Educate your staff to never open unknown attachments in emails or click on unknown links. It may sound basic, but web- and email-based threats are growing very quickly. In the first half of 2012, web-based malware infections grew 400% over 2011, and email-based attacks grew 56% from the first to the second quarter of 2012. It is often said that technology is only as good as the people that use it and preventing behaviour that puts your systems at risk is key.
3. Effectively deal with remote workers
Small business owners increasingly depend on remote workers and external contractors to help with the workload, but it is important to securely manage them. Knowing how many people are accessing which corporate information, and from where, is critical to ensure your organisation’s security defence.
4. Be careful of social media
Social media can be important marketing channel, but malicious code is increasingly injected into social networking sites, including harmless-looking links, advertisements and game apps. On Twitter, shortened URLs make it impossible to recognise if links are legitimate and retweeting these helps spread infections.
5. Employ stringent password policies
Workers with access to financial or personal data should have separate accounts for sensitive and more general business content. Ask your staff to change passwords regularly, using a mix of alpha and numeric characters that do not resemble words, so that exposure from password theft is time-limited.
6. Limit access to financial data
Minimise the number of people who have access to sensitive financial or personal content – the fewer people who have log-in credentials to this data, the harder for criminals to compromise the data.
7. Be wary of downloaded apps
Be alert when buying and installing applications from online app stores and make sure they come from a reputable source to avoid malware infections.
8. Develop a layered approach to security
This means the integration of multiple forms of technology for maximum protection, including web-, email-, data- and mobile protection.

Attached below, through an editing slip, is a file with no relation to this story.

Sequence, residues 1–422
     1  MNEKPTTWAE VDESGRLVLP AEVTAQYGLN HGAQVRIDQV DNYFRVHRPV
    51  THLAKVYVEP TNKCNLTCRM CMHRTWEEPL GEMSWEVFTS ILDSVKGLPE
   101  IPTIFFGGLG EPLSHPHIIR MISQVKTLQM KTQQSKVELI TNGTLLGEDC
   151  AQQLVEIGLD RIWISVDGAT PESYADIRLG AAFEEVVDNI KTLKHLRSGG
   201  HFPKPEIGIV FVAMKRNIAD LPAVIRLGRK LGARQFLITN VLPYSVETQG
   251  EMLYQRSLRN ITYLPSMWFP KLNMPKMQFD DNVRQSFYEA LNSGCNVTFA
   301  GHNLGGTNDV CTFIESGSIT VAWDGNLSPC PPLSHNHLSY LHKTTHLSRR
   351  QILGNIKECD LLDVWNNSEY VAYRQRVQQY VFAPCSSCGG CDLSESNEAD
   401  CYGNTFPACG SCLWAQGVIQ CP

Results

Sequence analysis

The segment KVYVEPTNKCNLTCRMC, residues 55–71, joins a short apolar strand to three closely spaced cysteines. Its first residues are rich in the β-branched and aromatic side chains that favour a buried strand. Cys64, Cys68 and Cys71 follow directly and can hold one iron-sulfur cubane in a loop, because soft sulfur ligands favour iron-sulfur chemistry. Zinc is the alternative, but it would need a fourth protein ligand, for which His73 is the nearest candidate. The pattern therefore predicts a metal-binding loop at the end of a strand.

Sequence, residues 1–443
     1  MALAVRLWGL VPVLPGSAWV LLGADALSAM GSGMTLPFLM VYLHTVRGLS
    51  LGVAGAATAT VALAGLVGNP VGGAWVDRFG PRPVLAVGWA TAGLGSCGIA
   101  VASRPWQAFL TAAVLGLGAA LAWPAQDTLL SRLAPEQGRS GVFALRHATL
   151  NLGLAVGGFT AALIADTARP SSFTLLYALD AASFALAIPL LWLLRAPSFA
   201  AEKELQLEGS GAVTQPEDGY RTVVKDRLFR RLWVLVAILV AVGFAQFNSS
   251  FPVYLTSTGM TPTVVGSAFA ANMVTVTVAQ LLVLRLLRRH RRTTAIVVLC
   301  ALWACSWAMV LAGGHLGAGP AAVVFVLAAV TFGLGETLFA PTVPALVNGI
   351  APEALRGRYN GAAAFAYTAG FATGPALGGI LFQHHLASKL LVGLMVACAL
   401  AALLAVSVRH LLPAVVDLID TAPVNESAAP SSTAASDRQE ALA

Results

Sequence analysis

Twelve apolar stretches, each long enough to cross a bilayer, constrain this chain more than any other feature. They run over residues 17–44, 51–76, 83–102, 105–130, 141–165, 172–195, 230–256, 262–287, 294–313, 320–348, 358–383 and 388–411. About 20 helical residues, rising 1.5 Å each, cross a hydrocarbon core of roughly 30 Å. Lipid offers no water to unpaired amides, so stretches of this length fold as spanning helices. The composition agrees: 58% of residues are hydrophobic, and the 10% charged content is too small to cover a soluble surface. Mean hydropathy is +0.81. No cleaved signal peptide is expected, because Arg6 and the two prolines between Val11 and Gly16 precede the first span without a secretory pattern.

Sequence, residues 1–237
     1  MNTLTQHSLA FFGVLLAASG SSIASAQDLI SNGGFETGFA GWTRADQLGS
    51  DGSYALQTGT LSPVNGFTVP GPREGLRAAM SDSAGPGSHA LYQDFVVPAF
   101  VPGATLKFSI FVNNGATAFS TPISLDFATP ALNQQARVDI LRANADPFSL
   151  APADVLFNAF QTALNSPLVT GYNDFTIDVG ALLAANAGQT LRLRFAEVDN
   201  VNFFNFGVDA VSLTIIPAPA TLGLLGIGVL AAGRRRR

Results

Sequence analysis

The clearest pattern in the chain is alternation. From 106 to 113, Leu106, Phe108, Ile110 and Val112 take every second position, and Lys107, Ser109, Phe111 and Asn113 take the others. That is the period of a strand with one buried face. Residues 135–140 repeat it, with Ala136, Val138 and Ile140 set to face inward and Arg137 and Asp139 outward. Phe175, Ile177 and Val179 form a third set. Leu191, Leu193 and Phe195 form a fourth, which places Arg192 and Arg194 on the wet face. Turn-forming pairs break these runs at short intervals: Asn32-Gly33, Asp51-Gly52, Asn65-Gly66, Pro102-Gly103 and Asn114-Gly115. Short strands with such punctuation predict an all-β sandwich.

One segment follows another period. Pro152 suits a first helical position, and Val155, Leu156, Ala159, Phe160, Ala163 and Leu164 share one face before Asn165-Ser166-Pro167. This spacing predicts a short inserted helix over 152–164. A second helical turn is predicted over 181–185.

9. Speak to an expert you can trust
All-in-one layered security systems are widely available, but if you prefer to deploy separate technology for different areas, consult a security specialist as vulnerabilities can occur if technology is not well integrated. If you don’t feel you have the necessary technical expertise to implement an effective security policy, consider asking a member of staff with an interest in IT to help you with the decision-making process.
According to feedback I’ve had from customers and partners across the UK, small businesses are concerned about the amount of time that administering security will take, and the demands it will place on already stretched IT resources. In addition, they worry about how their security needs might change over time and whether that will result in additional spending.
There is no doubt your security needs will change as you grow, but taking comprehensive steps before your infrastructure becomes too large to be effectively managed will help you in the long-run. Many security solutions available today are highly scalable, and can adapt to the changes that new technology and evolving security risks can force on your business.
A majority of UK businesses are relying on nothing but luck to protect them from cybercrime threats. Put measures in place now, so that your luck doesn’t run out.